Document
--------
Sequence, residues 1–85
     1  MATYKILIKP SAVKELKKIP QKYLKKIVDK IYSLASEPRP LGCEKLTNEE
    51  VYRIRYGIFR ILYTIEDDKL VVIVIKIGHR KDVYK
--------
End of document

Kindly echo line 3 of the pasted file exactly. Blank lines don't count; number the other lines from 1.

    51  VYRIRYGIFR ILYTIEDDKL VVIVIKIGHR KDVYK